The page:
Here's a question that would stump most trivia quiz contestants: In which countries are the world's five tallest towers?
The surprising answer is: Canada, Russia, China, Iran and Malaysia (in that order).
All five towers are fully described and pictured on the internet. Here's a quick rundown:
Tower No. 1: Toronto, Canada. The 181-storey CN Tower (right), celebrated its 30th birthday on June 29. "Happy thirtieth, CN Tower. Is your run at the top in jeopardy?" asked the Globe&Mail. "Our favourite civic phallic symbol is turning 30," said The Torontoist. "It's still the world's tallest free-standing structure (what does this mean anyway?").
Built by the Canadian National Railway and opened in 1976, the CN Tower is still claimed to be the world's tallest building and free-standing structure. At a height of 553.33m (1,815ft 5in), it attracts two million visitors a year. Apart from enjoying the view, they can walk on a glass floor 342m (1122ft) above ground level, eat at the revolving 360 Restaurant, and see a movie about the tower's construction.
Tower No. 2, Moscow, Russia. Ostankino Tower, also called The Moscow Beauty, is a free-standing TV and radio tower 540m (1772ft) in height. Completed in 1967, it was for 10 years the world's tallest free-standing structure. In August 2000 the tower caught fire, resulting in three deaths and disrupting TV and radio transmissions. It was later restored.
Tower No. 3: China. Shanghai's Oriental Pearl Tower is the most unorthodox and photogenic of them all. Built between two large river bridges, it's said to create a picture of twin dragons playing with pearls.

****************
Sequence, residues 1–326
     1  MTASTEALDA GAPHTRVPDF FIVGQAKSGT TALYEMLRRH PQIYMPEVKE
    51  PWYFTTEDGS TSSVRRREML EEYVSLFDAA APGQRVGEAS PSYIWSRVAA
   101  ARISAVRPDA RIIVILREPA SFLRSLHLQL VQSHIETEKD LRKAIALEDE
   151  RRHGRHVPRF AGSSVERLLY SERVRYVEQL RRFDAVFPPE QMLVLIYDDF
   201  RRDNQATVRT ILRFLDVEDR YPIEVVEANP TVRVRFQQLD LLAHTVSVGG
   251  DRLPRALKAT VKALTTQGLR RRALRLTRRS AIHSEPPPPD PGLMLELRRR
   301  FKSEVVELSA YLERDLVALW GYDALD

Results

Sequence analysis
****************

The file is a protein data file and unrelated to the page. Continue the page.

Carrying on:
The tower is 468m (1536ft) high and can easily be seen as a massive string of pearls. There are three large spheres (the top one is called the space module), five smaller spheres, and three decorative ones at the base. In the topmost "pearl" are shops, restaurants (one of which rotates) and a floor for sightseers. The large lower sphere houses a space city and an interesting sightseeing hall. The Shanghai Municipal History Museum is in the tower's pedestal.
Double-decker lifts (elevators) can whisk as many as 50 visitors up down at seven metres a second.
Tower No. 4, Iran. The Borj-e Milad communications tower in Iran's capital, Tehran, is 435 (1427 ft) high to the tip of its antenna. The main component is a large 12-floor pod near the top. Due to be completed towards the end of 2007, the tower is part of the Tehran International Trade and Convention Centre. It will incorporate a five-star hotel, convention and world trade centres, and an IT (information technology) park.
Tower No. 5, Malaysia. "Amidst the city of Kuala Lumpur stands the Menara Kuala Lumpur at 515m above sea level," says its website. "Majestically poised at a breathtaking height of 421m, the Tower doubles as Kuala Lumpur's best known ambassador."
The concrete telecommunications tower was completed in 1996, and is the tallest tower in south-east Asia. During its construction, builders erected an elaborate retaining wall around a 100-year-old Jelutong tree to avoid having to destroy it.